Add to that the woefully inadequate and often poorly spent funding on other forms of public infrastructure—from water systems to public buildings and facilities—and the picture becomes one of a series of missed opportunities to use public dollars to build a more sustainable, resilient and equitable backbone for the economy.

The next wave of infrastructure spending cannot be business as usual. The Green Stimulus plan offers a necessary framework for getting this right. That framework includes:

  • Creating millions of new family-sustaining, career-track green jobs in clean energy expansion, including in such areas as building retrofits, sustainable homebuilding, and electric transportation
  • Targeting investments in frontline communities left behind by previous economic expansions and in line to be hit hardest by climate change
  • Expanding public and employee ownership, either through existing public agencies, by taking equity stakes in companies receiving substantial direct investment, or by conditioning public stimulus support on expanded worker or cooperative ownership
  • Rapidly cutting carbon pollution consistent with limiting global warming increases to 1.5 degrees Celsius, in a way that protects the salaries, benefits, and retirements of fossil fuel workers

Included in the Green Stimulus plan is one action that organizers can take now to make it the framework for any future infrastructure plan that emerges from Congress. “We can do all the preparatory work now to make green projects ‘shovel ready,’” the authors write, through community deliberation and planning work, “done safely through online channels,” to “ensure that physical projects can commence as soon as it is feasible to restart major in-person work across the economy.”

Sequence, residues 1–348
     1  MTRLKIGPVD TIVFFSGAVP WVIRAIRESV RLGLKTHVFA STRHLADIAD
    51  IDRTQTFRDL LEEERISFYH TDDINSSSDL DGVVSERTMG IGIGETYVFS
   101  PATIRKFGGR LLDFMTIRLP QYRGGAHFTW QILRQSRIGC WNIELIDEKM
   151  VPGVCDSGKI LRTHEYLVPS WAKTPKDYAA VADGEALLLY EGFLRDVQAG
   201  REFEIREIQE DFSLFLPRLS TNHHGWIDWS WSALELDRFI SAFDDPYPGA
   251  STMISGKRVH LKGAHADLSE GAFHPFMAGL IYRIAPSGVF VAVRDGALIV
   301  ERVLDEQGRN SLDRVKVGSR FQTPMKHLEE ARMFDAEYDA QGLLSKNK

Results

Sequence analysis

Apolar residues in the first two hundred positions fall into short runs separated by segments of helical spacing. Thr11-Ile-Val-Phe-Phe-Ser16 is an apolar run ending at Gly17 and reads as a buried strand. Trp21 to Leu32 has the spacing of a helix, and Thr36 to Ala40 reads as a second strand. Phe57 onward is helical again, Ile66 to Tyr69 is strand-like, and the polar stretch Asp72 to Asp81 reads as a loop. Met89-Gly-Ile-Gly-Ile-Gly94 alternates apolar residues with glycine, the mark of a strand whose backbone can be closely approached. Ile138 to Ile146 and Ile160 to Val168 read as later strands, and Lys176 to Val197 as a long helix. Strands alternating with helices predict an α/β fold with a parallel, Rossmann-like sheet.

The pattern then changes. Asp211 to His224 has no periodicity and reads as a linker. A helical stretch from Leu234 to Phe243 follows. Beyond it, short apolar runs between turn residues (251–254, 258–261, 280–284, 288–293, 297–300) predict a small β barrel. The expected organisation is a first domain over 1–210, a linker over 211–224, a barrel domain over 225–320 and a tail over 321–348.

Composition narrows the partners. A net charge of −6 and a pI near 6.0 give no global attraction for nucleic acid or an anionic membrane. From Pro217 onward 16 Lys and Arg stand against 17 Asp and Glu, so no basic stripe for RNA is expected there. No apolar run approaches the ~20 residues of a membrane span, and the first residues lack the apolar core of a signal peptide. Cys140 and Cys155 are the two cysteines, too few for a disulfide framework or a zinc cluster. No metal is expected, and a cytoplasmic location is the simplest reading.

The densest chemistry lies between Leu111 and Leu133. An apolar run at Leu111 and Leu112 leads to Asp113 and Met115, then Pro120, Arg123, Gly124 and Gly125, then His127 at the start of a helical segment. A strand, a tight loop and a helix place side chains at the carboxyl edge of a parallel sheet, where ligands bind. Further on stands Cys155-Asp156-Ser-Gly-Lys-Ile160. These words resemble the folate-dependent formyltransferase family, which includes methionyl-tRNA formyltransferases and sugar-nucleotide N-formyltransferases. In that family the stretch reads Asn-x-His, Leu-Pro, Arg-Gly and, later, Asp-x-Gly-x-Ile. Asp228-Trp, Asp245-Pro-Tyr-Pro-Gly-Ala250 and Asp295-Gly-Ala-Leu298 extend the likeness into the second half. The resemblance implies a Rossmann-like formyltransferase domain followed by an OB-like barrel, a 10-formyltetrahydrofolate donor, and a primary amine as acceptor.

Communities across the country are still suffering from federal infrastructure spending mistakes made as far back as the 1960s. At a time when we have at most a decade to make massive economic and lifestyle shifts to avoid a cataclysm that will be more devastating than today’s COVID-19 epidemic, we simply cannot let the inertia from the past drive the future. 

 

 


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Isaiah J. Poole

Isaiah J. Poole

Isaiah J. Poole is the editorial director of The Next System Project, a project of the Democracy Collaborative. He was previously communications director for People’s Action and for the Campaign for America’s Future, where his responsibilities included serving as editor for the organization’s website and blog, OurFuture.org. Poole has more than 30 years of experience in journalism, both as a reporter covering Washington D.C.-area and national politics and as a news and features editor. He also was a founding member of both the Washington Association of Black Journalists and the National Gay and Lesbian Journalists Association.